The concept of having a budget at any age gives some individuals cold chills and other relief. Some people love the rigidity or certainty of a budget while others feel trapped or constrained at the thought of a budget. Those are two vastly opposing emotional extremes especially as we progress toward retirement.
Retirement budgets – like them or hate them – are necessary for two key reasons. They address how much you need to maintain your standard of living and thus inform us of how much you need to have accumulated before retirement. They describe for you and your financial planner the income required to maintain life – fixed expenses – and the amount necessary for social expenses or what we call fun expenditures.
The days of old where money could simply go into a bank account and you could live off the interest have left the realm of possibility. Savings between the 1950s and 1980s were considered to be extra and people retired on social security and pensions. Today $500,000 to $1,000,000 401(k) accounts are normal.
During the high inflation-high interest rate decade of the 1980s, a $100,000 could generate a guaranteed income stream of more than $10,000 a year in income in some years. Today, that number is less than $3,000. The shift has forced retiring investors to become more sophisticated in their investment strategies.
Leaving the workforce and living off what you have accumulated has challenges. Several of the challenges are unexpected especially if you are younger. A retiree may have invested and accumulated assets for 40 plus years and now they begin to distribute or what some call decumulation. The habits and beliefs that create successful savings strategies are contrary to those that allow for the efficient distribution of income.
The tax implications of how investments are treated can be confusing but clearly matter in your budget. Personally, I have never witnessed anything like unexpected and misunderstood taxation to separate people from their retirement.
Creating the Retirement Budget dictates that you know how much income you will need monthly or annually. That amount will give insight into your investment strategies and address the expected percentage lost to taxation every year.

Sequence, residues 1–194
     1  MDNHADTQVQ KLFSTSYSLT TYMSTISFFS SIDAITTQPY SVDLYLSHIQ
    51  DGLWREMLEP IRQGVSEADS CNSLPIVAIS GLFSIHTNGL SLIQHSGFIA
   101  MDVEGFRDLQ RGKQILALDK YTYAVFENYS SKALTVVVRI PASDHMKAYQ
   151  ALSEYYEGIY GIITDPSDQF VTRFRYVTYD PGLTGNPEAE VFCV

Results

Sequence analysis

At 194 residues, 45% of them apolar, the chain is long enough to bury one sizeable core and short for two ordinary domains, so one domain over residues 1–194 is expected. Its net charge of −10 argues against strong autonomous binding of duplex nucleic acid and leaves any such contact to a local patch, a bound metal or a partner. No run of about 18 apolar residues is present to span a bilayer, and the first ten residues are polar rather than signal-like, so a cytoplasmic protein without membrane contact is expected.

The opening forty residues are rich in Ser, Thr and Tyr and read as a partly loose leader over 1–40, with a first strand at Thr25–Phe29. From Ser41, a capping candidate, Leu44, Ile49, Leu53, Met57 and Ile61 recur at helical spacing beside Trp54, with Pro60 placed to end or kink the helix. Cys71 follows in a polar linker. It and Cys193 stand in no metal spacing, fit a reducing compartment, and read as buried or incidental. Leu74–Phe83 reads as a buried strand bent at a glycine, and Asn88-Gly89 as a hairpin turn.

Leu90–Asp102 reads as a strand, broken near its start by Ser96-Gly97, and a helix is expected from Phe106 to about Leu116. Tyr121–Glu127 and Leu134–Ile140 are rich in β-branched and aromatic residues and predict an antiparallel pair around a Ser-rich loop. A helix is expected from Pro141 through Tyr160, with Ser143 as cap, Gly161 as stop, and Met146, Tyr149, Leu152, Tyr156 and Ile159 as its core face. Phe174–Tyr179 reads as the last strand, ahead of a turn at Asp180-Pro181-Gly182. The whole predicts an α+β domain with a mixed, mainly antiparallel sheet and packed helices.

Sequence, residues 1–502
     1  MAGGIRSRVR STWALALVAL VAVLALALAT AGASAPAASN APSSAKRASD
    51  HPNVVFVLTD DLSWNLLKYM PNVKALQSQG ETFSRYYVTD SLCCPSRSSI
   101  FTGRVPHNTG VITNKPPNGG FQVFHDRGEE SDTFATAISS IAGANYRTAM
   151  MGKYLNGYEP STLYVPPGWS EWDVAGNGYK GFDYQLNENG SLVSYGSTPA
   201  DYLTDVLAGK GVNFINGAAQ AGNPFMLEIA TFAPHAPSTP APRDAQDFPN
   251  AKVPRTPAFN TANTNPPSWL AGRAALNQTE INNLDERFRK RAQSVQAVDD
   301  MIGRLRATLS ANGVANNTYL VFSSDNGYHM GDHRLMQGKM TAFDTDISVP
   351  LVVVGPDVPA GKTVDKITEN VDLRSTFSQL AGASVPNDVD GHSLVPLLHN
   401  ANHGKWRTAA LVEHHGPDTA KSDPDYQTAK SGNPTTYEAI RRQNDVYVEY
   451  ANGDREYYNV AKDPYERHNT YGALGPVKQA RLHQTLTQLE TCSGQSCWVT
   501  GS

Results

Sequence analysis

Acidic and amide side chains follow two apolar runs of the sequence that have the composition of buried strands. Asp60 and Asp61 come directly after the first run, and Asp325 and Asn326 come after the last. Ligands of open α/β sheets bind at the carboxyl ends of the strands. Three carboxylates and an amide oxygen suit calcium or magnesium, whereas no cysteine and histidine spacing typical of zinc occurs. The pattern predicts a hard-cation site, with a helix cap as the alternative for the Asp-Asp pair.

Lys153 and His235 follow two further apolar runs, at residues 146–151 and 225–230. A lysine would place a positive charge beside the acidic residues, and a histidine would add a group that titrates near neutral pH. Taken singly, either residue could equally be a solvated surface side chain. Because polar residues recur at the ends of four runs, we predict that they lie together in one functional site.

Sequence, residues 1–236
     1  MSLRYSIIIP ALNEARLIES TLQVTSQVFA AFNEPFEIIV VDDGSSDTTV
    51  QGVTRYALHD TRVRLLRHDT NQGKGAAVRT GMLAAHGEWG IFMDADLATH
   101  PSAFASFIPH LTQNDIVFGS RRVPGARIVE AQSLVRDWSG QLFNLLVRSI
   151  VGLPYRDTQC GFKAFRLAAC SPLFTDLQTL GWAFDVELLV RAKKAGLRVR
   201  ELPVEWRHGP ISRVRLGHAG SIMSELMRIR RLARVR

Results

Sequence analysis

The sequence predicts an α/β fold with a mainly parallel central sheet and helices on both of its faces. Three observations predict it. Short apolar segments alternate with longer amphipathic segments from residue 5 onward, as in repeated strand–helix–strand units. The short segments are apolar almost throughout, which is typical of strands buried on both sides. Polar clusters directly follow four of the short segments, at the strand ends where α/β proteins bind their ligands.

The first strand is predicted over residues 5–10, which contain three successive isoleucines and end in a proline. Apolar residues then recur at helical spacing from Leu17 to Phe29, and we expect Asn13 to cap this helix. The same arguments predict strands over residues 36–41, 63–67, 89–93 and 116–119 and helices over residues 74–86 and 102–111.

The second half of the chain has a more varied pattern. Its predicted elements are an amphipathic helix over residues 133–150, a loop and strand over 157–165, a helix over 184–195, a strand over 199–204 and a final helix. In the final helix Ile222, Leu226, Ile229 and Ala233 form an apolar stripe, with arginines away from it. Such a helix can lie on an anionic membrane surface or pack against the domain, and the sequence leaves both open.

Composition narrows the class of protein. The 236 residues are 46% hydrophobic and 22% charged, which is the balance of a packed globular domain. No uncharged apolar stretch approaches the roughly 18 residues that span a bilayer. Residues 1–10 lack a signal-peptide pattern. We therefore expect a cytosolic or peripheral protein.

The Moose on the Table (borrowed from the ex-CEO of Eli Lilly, Randy Tobias) is the issue that many individuals emotionally struggle to take money from their accounts. They worked so diligently to build it for years. Statement after statement for year after year they have poured over data searching for ways to build the account. Pulling money out is akin to harming one of their children!
The financial world is more complex and the requirements for a successful retirement have never been so daunting. You can do 99 things right out of 100 and assume everything is just as it was meant to be. But that one thing you missed could mean the difference between a successful retirement for you, your surviving spouse or your charities. Plan accordingly.
This is article two of a 10-part series, article one is titled: “The Overview, How to Retire on $500,000.”
Disclaimer: Do not construe anything written in this post or this blog in its entirety as a recommendation, research, or an offer to buy or sell any securities. Everything in this post is meant for educational and entertainment purposes only. I or my affiliates may hold positions in securities mentioned in the blog. Please see our Disclosure page for the full disclaimer.